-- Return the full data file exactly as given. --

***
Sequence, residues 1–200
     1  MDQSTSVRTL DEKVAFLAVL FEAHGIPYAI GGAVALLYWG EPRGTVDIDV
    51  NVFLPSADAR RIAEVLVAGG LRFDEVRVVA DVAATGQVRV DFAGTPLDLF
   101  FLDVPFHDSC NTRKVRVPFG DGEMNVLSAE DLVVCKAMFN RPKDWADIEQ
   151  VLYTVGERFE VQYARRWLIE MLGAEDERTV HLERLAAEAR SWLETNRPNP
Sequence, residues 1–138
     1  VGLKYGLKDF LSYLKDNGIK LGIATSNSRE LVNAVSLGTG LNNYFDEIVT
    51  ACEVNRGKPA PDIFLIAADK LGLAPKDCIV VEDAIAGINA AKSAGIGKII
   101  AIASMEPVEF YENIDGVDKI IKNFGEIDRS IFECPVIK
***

Sequence, residues 1–200
     1  MDQSTSVRTL DEKVAFLAVL FEAHGIPYAI GGAVALLYWG EPRGTVDIDV
    51  NVFLPSADAR RIAEVLVAGG LRFDEVRVVA DVAATGQVRV DFAGTPLDLF
   101  FLDVPFHDSC NTRKVRVPFG DGEMNVLSAE DLVVCKAMFN RPKDWADIEQ
   151  VLYTVGERFE VQYARRWLIE MLGAEDERTV HLERLAAEAR SWLETNRPNP
Sequence, residues 1–138
     1  VGLKYGLKDF LSYLKDNGIK LGIATSNSRE LVNAVSLGTG LNNYFDEIVT
    51  ACEVNRGKPA PDIFLIAADK LGLAPKDCIV VEDAIAGINA AKSAGIGKII
   101  AIASMEPVEF YENIDGVDKI IKNFGEIDRS IFECPVIK